A vote to adopt an ordinance to comply with federal 5G rules was met with frustration from supervisors, industry and the public. Among other things, the county will require the submission of annual radio frequency reports.
(TNS) — The San Diego County Board of Supervisors adopted an ordinance Wednesday amending zoning standards to accommodate for small cell wireless facilities, to comply with the federally-mandated rollout of 5G wireless networks — much to the frustration of industry representatives, community members and the county supervisors.
The amended ordinance now includes three recommendations made by the county Planning Commission: that small cell wireless facilities be required to submit annual radio frequency reports for wireless carriers, that they comply with the FCC’s maximum permissible exposure requirements for radio frequency emissions, and that they post signs at facilities warning of radio frequency emissions.
Supervisors declined to adopt three other recommendations from the commission because they might have violated federal law. The rejected recommendations include requiring small cell facilities in the public right-of-way to have a 100-foot setback from all residential buildings and requiring wireless carriers to submit master plans for placement of the equipment.
“In the end, the bulk of the recommendations for consideration today are the best that we can do,” said Supervisor Dianne Jacob, chair of the board.
“I feel strongly about that, and I feel that to do nothing would be an injustice to the people in the unincorporated area.... We have pushed these requirements as far as possible based on the working parameters we must legally follow.”
The board’s action comes as municipalities across the country are grappling with a new federal law that rips away much of local governments’ ability to regulate the location of small cell wireless facilities.
A federal law passed last year to accelerate the spread of 5G requires San Diego and other municipalities to loosen some rules for cell towers, speed up approval times and lower fees associated with building out the network. The law also prevents municipalities from regulating the location of towers for health reasons, allowing them to regulate the towers’ visual impact and safety in a “reasonable” way.
Sometimes referred to as a “distributed antenna system,” small cell antennas which support 5G technology are typically a little larger than a lunch box and mounted on top of streetlights or poles. They serve as an alternative to larger, traditional cell towers.
In the small cell system a group of small antennas with more limited range transmits the same cell data as one large tower. However, far more of the small antennas are needed compared to the large towers.
Industry officials say the small cells are needed for advanced 5G technology, which they say boosts data capacity and speed and lengthens device battery life.
Opponents worry that the radio frequency emissions could prove a health risk, in addition to potentially obstructing views, harming neighborhood aesthetics and bringing down property values.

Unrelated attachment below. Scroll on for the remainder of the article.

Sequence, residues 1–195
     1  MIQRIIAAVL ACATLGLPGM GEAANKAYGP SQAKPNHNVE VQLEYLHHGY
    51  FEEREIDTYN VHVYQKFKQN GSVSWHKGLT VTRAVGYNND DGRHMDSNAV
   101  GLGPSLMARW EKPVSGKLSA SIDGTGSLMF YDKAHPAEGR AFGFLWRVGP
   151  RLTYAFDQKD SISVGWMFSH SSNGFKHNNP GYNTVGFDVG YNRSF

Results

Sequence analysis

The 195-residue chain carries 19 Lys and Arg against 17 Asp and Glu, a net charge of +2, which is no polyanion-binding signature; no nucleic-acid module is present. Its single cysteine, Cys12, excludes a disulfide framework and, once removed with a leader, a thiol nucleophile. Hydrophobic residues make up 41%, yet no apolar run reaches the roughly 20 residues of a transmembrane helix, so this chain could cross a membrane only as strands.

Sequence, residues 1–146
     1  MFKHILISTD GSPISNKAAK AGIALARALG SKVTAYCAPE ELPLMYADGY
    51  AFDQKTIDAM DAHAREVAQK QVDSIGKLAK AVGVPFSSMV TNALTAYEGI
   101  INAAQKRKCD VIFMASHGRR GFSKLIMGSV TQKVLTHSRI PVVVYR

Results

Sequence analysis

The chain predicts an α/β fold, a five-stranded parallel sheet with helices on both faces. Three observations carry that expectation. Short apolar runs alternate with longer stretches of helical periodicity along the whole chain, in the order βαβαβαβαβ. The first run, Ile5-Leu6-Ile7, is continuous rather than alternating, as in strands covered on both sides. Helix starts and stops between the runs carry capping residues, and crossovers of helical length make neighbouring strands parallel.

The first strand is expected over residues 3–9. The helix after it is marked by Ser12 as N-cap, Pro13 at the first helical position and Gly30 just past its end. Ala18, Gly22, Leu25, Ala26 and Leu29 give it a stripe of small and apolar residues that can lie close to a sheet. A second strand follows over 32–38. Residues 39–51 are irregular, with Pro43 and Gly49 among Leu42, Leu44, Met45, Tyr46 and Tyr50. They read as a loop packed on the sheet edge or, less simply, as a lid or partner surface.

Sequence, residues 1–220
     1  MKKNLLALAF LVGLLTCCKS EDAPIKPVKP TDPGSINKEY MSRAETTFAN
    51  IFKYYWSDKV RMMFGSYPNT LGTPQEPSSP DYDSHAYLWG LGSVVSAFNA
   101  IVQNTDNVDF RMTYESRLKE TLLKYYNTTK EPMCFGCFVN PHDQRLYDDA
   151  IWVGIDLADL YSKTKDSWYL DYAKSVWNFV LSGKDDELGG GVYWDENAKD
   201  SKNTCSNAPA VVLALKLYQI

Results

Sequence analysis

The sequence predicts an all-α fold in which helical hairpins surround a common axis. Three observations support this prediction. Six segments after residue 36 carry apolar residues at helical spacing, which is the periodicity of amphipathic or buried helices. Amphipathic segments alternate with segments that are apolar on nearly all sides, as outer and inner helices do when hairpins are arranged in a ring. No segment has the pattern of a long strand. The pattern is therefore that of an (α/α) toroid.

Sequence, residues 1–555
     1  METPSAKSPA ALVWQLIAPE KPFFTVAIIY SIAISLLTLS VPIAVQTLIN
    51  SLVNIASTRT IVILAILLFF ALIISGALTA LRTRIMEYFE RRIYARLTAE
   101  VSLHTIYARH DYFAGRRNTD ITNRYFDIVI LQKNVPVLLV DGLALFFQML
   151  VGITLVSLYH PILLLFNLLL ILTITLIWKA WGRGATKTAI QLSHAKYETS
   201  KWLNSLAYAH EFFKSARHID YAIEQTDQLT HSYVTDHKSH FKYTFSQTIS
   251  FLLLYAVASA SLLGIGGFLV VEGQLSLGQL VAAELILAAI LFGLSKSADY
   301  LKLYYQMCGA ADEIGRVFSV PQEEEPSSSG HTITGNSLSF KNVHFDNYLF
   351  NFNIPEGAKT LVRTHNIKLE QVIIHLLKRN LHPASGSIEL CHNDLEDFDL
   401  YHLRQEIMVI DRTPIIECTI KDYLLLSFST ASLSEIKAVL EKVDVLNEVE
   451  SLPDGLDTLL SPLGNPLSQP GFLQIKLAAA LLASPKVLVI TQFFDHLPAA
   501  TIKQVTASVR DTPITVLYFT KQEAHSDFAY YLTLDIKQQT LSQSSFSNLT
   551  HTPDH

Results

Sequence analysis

“If we do not exercise great caution now we will lose the beauty that invites residents and tourists alike to San Diego,” said Rancho Santa Fe resident Holly Manion, a realtor.
“San Diego County possesses a unique beauty preserved through the years. I’m here to tell you, we are about to lose what this community as a whole has worked hard for over time.”
Some residents and industry members were unhappy with the ordinance. Residents said they wanted more restrictions and some industry members worried about too many restrictions and encouraged supervisors to send the ordinance back to the Planning Commission.
“These specific rules will dictate whether San Diegans will have access to reliable high-speed 5G technologies that are just around the corner or whether San Diegans will be filled with frustrations of slow data and dropped calls,” said Mary Hamilton, a Sprint Network project manager.
“More importantly, if left in the current state, the ordinance you’re considering today may cripple the next generation communications that 5G will make available to first responders in times of emergency and to normal citizens in times of emergencies.”
The supervisors stressed their frustration at the federal government for infringing on their right to regulate local land use especially as it relates to health concerns.
“We share your frustration; this is just crazy,” Supervisor Jim Desmond told the audience. “We can’t do a damn thing here to help protect our own residents, for aesthetics, for health or hardly anything else.”
Jacob, whose district includes the largest portion of the county’s unincorporated area, promised the county would continue to fight against the FCC law.
The county filed an amicus brief earlier this year, joining other cities, counties and states opposing the FCC law. The county also signed on to support two legislative efforts to undo the law in the U.S. House and Senate.
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